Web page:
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Florida's Turnpike Enterprise (FTE) ITS Architecture

Florida's Turnpike Enterprise (FTE) Regional ITS Architecture (RITSA) is a roadmap for transportation systems integration for FTE ITS services in Florida over a 10-year time horizon. The FTE ITS Architecture is actually statewide in scope covering all the FDOT District regions except District 3. This architecture has been developed and maintained through a cooperative effort by the state's transportation agencies. The FTE RITSA complies with the FHWA Rule 940 requirements, as well as the FTA policy directives, for ITS Architectures. The FTE RITSA was updated using the former architecture as a baseline and with information gathered from documentation provided by stakeholders, Transportation Systems Management and Operations (TSM&O) Plans, interviews and workshops with stakeholders.

The Statewide and Regional ITS Architectures represent a shared vision of how each agencies' systems will work together in the future, sharing information and resources to provide a safer, more efficient, and more effective transportation system for travelers in the State of Florida.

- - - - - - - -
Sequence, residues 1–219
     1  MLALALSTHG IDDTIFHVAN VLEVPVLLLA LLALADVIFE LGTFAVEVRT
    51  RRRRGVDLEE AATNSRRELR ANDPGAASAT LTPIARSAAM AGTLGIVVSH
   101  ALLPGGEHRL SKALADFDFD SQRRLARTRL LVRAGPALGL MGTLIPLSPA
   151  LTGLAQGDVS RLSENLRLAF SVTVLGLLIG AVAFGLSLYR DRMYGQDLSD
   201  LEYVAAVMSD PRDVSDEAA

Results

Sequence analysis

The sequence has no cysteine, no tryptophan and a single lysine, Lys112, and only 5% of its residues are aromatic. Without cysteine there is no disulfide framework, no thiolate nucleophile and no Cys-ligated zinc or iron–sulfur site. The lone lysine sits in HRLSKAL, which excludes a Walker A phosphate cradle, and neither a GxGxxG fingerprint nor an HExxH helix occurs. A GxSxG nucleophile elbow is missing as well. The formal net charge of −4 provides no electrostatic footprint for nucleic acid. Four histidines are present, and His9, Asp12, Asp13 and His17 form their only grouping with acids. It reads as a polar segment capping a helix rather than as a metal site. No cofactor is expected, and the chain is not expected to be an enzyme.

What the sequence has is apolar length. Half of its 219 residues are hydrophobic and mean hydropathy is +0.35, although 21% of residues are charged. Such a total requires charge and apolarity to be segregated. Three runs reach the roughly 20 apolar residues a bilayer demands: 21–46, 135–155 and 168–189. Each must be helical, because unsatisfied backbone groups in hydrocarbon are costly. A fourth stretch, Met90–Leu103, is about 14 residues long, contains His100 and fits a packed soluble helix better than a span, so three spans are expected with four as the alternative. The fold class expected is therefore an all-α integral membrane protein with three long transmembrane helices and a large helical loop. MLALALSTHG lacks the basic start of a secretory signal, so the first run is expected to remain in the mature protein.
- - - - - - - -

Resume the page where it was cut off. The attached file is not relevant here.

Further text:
The FTE RITSA functionally defines the interactions and information exchanges between the intelligent transportation systems operated and maintained by the various public and private sector organizations at the statewide level. The FTE RITSA includes existing systems as well as planned systems and services that are needed to deliver the transportation services to improve safety, mobility and efficiency across the state.

The geographic scope of the FTE RITSA is boundaries of the state of Florida including all FDOT Districts with the exception of FDOT District 3.

The FTE RITSA is adjacent to the Georgia Statewide ITS Architecture to the north and overlaps the Statewide ITS Architecture (SITSA) and all of the District Regional ITS Architectures with the exception of the District 3 RITSA. There are FTE transportation systems that interface with regional systems. The interfaces with these components are shown to relate the interdependencies of the systems in the delivery of toll related services at the regional level.